Where Gale was sharp and aggressive, Peel had a wry sense of humour and flirtatious manner to complement her deadly fighting skills, with karate as her martial art of choice. Diana Rigg's performance was instantly iconic, warmer and more feminine than Honor Blackman's Cathy but the character no less resourceful, brilliant or self-reliant. Peel, and Rigg's portrayal, became the progenitor and measuring stick for all the warrior women characters who would follow. Few reached the same high mark, none surpassed.
 
While Steed flirted a little with Gale, the suggestiveness in his friendship with Peel went to new heights, frequently teasing fans with unheard whispers, nights spent at each other's flats, frequent dinner dates and holidays abroad. The relationship worked because, as far as the programme was willing to show, it was strictly platonic. Prior to meeting Steed, Peel lost her fighter pilot husband in the Amazonian jungle, and Steed was supposedly too much of a gentleman to take advantage, even if the subtext to their interactions suggested otherwise. This was taken to such an extent that Steed only used Mrs. Peel's first name once, in the heartbreaking conclusion to her final episode where they also shared the most delicate but perfect kiss goodbye.


(The pair had kissed once before, but were not exactly themselves at the time. See the 'top ten episodes' below.)

It was during the Peel era that The Avengers transformed from popular British television series to breakout global sensation. Mary Quant had invented mini skirts a year earlier, but it was costume designer John Bates' decision to make them a staple of Peel's wardrobe which made the item an icon of its time. Although Peel was often seen in her first season wearing leather outfits similar to those worn by Cathy Gale, Bates later exchanged these for fabric-based catsuits (known as 'Emma Peelers') instead. When the series was first broadcast in colour in 1966, Peel's brightly coloured costumes became must-haves of the era, albeit dating quickly.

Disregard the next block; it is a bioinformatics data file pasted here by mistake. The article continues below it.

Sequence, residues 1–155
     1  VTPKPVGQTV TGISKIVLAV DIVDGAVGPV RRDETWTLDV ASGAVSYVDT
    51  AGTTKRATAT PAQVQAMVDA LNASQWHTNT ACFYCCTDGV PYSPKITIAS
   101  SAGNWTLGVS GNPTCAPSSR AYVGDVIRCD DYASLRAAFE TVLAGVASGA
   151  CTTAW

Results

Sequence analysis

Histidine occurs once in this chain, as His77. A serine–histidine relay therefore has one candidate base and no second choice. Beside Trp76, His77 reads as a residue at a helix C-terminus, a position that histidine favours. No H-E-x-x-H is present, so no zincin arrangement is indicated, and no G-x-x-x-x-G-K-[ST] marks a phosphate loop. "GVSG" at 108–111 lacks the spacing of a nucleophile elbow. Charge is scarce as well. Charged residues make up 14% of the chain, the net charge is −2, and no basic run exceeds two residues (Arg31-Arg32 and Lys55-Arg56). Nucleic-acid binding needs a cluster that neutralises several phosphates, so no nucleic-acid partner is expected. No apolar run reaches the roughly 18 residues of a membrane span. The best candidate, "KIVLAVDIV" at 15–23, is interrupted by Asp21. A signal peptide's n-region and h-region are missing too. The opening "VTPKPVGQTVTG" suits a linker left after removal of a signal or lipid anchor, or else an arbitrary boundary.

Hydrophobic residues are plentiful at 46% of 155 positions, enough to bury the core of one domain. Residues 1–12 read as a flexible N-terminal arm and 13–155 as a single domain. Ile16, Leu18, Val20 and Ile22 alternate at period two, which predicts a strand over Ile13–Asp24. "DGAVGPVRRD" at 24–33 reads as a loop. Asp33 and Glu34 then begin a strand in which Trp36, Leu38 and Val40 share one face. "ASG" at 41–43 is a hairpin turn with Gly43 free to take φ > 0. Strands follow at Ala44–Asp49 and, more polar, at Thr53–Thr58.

The Avengers was the first series to be filmed in colour in Britain, although host channel ITV continued to broadcast in black-and-white for three more years. The series was heavily financed by American channel ABC, whose colour broadcasting technology was far in advance of any in Britain. As one of the first British series to air in America, the series' budget rose sharply, reflected in increasingly elaborate sets and special effects. Where the Keel and Gale eras were relatively grounded, the Peel era embraced the psychedelic madness of the sixties, leading to the term 'spy-fi' being coined to describe its distinctive mix of action, humour and genre-spanning plots.

Rigg left the series on bad terms after discovering its feminist themes did not quite extend behind the camera: despite being the series' co-star, she was being paid less than the cameraman. A rise was negotiated, but with a movie career beckoning, she bowed out in 1967. Two years later, she would play Teresa di Vicenzo, one of the most important leading ladies in the James Bond series.


Her replacement, Canadian Linda Thorson as Tara King, was not met with the critical adoration which welcomed Gale and Peel. Upheaval behind the camera didn't help her case, and her casting was speculated to be the result of the actress being the girlfriend of new producer John Bryce. In a series of catastrophic moves, Bryce made Thorson bleach her hair to distinguish her from the brunette Peel. This led to Thorson's hair starting to fall out, which is why she wears so many wigs in the early episodes. On the instruction of network notes, Bryce also attempted to pull the series back to its grittier roots.

The three episodes Bryce produced were deemed inadequate, leading to his sacking and former producers Brian Clemens and Albert Fennel being recalled. While the single-season Tara King era is associated with the series' rapid decline, Thorson grew into her character - giving her a younger, more vulnerable demeanour to the all-powerful Emma, which didn't go down well with feminists - and though the quality of the episodes is wildly inconsistent, there are a number of gems ranking among the series' best.

Declining US ratings meant the series was no longer financially viable, and cancellation followed in 1969. A 1976 revival entitled The New Avengers launched the career of Joanna Lumley, also a Bond girl from the Diana Rigg-starring On Her Majesty's Secret Service. The series was significantly more violent than the original and lacked much of its charm and style, even with Patrick Macnee still going strong alongside new male Avenger Mike Gambit, played by the late Gareth Hunt. As for the 1998 movie starring an aggressively miscast and mischaracterised Ralph Fiennes and Uma Thurman as Steed and Peel, let's just pretend for everyone's sakes that never happened.